by Ruth Martin, VCU student
And so the second week of field school began with rain. On Monday morning all of the field team went out ready to work. We uncovered the site – pulling back black waterproof tarps by removing the concrete blocks that held them in place. No sooner had we gotten all of the metal equipment out of the shed and toolbox than it started to rain. The rain came down in increasingly heavier waves, so we covered the site back up again. We then tried to wait it out underneath the magnolia tree, where we dragged all the metal equipment to protect it. Eventually we got soaked through, and called it a day.
Tuesday was our field trip day(it’s also our lab so no one had go in this week). We traveled to Montpelier- the place where the father of the Constitution, James Madison grew up and lived. We were given a tour of the mansion, then walked around the grounds. Placed on top of the soil near the mansion were replicas of the framing of the slave quarters. The wooden frames were placed on top of the soil to prevent disruption in the soil record and well as the use of recycled shredded tires as a walkway.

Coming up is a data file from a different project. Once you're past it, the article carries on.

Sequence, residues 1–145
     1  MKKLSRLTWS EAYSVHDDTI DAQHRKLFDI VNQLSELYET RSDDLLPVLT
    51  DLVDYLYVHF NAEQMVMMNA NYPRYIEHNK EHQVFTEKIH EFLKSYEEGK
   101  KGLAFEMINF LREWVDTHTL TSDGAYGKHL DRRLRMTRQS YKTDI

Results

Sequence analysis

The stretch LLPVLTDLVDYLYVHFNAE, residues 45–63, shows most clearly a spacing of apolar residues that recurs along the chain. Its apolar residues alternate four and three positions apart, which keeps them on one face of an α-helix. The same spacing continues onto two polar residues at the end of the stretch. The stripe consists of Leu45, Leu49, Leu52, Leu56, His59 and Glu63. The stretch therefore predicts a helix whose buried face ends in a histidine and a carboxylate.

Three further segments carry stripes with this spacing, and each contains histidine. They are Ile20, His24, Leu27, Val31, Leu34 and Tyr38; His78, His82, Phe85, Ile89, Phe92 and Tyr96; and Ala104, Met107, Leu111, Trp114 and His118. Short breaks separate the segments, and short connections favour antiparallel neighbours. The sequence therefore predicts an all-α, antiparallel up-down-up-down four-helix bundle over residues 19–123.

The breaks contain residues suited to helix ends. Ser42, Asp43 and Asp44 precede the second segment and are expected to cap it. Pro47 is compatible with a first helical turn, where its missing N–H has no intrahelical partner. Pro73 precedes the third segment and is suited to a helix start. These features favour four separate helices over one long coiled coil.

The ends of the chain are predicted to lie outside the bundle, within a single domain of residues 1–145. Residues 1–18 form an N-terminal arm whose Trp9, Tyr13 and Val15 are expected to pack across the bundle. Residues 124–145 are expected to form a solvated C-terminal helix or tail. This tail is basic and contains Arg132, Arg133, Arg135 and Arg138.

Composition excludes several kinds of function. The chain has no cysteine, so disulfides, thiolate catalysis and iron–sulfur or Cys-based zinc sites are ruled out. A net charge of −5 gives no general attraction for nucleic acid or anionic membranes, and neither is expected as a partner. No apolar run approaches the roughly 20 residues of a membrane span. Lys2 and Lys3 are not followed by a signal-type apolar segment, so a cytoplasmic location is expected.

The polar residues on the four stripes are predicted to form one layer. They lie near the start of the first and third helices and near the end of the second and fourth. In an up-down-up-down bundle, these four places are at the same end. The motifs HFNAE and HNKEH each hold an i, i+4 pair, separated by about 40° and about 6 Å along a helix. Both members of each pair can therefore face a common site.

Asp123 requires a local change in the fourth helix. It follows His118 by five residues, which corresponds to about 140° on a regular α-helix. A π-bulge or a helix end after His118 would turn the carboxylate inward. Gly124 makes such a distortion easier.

Afterwards we checked out the ongoing site. We even got to visit the lab. In the lab there were drawers that could be pulled open, inside there were artifacts displayed and labeled.
The 4th of July, Thursday was a little crazy. We –the 9 field students–weren’t used to having so many people on site. Normally there are only a few visitors per day, so it was exciting to see so many people interested in our work at once.
This week Stephanie and I didn’t get too far in our layers, we are still in our antebellum layer. Though our antebellum layer seems unusually thick. We found a few interesting things such as a square coroner of glass, a piece of pipe stem, a white ceramic that is possibility piece of a tea cup handle and some beautiful pieces of quartz. By Friday we were finding an increasing amount of olive colored glass, an indicator that we are close to the colonial layer.